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What’s Best for Government? Government Resource Planning (GRP) or Enterprise Resource Planning (ERP)


August 1, 2012

A Study of the Literature

Doug Hadden VP Products

We received some interesting feedback from a recent blog post about cost overruns in ERP projects at the United States Department of Defense. I’ve been vocal about other examples of ERP failure within the public sector. It’s surprising how well major vendors are able to market solutions to government despite this lack of success. Perhaps there is so much marketing noise that it’s difficult for governments to uncover the evidence. Nevertheless, there is a significant amount of public information that supports anecdotal evidence. Some of the studies are dated – but if failure rates have been reduced by 50% in the last 5 years – that still means that 10% to 20% of all ERP implementations are a complete failure.

Let me know if you have evidence to the contrary or lessons learned in the comments section.

Should governments consider ERP or GRP?

  • Developed country governments are increasingly adopting Commercial-Off-the-Shelf (COTS) software to replace legacy and custom developed software applications for financial, budget, expenditure, tax, treasury and civil service management.
  • A major impetus for recent COTS projects is to replace multiple applications within a government organization with one integrated solution or to support numerous government organizations with a hosted shared service or private government cloud.
  • Government organizations can chose to acquire Enterprise Resource Planning (ERP) software from large software firms whose software is used in multiple “vertical” markets or Government Resource Planning (GRP) software designed exclusively for governments.

There are many large ERP project failures in developed countries

There are major difficulties reported in ERP public sector implementation in developed countries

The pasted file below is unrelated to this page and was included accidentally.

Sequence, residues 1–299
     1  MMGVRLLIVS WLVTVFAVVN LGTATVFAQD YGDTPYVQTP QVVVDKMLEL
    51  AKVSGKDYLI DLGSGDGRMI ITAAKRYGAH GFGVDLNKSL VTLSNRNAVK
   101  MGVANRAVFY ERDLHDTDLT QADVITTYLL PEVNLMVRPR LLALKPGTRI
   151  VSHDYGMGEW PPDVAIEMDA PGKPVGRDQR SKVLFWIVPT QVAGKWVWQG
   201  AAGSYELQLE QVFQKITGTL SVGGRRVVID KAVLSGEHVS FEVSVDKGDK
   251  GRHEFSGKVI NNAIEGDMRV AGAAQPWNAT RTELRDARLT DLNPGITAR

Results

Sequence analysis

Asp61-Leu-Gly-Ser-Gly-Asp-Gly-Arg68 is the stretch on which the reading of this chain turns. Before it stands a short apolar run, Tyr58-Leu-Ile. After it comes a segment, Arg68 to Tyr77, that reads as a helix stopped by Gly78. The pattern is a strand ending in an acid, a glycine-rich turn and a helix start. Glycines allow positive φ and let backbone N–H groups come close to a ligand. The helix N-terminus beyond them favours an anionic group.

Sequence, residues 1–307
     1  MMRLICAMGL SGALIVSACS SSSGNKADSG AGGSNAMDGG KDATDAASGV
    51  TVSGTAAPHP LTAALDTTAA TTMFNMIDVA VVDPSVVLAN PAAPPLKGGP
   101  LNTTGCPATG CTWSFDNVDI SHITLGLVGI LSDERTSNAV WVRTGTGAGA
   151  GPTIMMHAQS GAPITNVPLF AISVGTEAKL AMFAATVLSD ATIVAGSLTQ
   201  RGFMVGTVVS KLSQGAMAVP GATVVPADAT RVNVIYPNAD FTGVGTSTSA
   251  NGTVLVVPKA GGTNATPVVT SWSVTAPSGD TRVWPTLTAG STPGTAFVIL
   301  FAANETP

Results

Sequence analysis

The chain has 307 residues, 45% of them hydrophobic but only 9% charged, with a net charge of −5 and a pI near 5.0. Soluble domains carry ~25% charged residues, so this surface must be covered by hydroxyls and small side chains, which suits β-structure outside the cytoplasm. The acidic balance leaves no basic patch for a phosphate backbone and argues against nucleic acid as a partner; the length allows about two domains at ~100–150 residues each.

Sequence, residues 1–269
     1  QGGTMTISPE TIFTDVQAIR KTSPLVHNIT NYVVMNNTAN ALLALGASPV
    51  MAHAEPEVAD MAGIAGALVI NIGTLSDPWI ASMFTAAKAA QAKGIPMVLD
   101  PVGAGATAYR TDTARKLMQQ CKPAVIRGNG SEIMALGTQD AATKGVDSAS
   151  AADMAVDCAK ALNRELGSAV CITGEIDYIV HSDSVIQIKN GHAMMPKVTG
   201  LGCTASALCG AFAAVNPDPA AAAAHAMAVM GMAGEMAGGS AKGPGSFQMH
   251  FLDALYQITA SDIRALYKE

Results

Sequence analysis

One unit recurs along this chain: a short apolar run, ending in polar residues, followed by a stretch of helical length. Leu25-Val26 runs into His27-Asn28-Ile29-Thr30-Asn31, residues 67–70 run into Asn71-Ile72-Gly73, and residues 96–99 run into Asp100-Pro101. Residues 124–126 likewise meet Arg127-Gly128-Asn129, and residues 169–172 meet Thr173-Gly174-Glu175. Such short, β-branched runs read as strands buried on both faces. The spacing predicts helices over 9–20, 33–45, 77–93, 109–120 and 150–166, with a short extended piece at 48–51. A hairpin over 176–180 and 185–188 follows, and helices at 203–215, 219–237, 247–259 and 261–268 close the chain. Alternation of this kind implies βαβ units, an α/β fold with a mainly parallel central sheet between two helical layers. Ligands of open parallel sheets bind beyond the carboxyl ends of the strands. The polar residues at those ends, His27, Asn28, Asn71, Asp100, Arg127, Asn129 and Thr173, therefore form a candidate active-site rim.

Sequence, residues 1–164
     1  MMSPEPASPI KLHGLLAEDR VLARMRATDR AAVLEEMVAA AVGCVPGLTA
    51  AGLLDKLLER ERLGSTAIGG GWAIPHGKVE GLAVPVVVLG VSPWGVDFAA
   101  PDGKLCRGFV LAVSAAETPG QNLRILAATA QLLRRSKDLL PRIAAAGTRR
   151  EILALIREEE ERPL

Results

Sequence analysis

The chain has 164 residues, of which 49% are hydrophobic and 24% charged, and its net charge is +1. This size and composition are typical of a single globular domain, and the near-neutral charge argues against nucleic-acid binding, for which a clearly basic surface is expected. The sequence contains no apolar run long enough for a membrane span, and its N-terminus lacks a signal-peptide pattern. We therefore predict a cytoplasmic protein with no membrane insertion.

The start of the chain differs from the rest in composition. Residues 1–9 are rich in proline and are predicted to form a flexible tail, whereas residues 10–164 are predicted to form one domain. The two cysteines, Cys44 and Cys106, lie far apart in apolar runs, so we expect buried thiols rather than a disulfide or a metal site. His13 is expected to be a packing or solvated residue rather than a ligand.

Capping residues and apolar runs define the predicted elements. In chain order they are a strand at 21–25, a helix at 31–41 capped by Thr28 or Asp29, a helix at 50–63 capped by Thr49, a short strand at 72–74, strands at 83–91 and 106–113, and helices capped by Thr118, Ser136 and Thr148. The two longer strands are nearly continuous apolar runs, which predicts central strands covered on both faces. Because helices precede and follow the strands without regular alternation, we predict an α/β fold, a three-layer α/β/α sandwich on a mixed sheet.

ERP failures and cost overruns in the public sector have resulted in difficulties, contract cancelations and lawsuits, although lawsuits “are rare because vendors would rather do what it takes to make the situation right than face potential public-relations damage from a high-profile legal battle”:

Studies show a lack of ERP success across all industries

Studies show significant cost and schedule overruns in ERP implementations across all industries


On-time Delivery

Why is ERP so unsuccessful in government?

ERP software is designed for the private sector across many industries that rarely provide a good value for money to governments. Large-scale public sector ERP implementations additional time is required during the analysis and design phase to focus on the gap between the commercial process and the required process

  1. ERP cost overrun and the failure to meet schedule are because ERP software requires significant software complex code customization (BPM scripts, call-outs & software development) to meet government requirements that extends implementation cycles. The ratio of services to software cost in the public sector is estimated to be three time that in the private sector or up to 15 times the cost of software.
  2. High maintenance costs come from maintaining complex code through problem troubleshooting, and difficult upgrades that increases the Total Cost of Ownership (TCO). For example, the Government of Canada internal support for 15 different customized versions of a major ERP package received an award for saving more than $12M annually in “cost avoidance.” This is hardly a definition of IT success.
  3. ERP functionality is often complex and hard to use in the private or public sector. 46% of ERP implementers characterized that their organizations were not able to understand how to leverage features to improve the way that they did business.

Why implement FreeBalance Government Resource Planning (GRP) solutions instead?

  1. GRP software is designed for the government. It is possible to create software for a single “vertical market” that does not require code customization to support needs in most countries across all levels of government.
  2. Governments can configure GRP software to meet unique requirements thereby reducing lifecycle costs and more likely meeting implementation schedules and optimizing benefits.
  3. Software designed for government is easy to use in the government context.



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Doug Hadden

Doug Hadden

Executive Vice President, Innovation at FreeBalance
Doug is responsible for identifying new global markets, new technologies and trends, and new and enhanced internal processes. Doug leads a cross-functional international team that is responsible for developing product prototypes and innovative go-to-market strategies.

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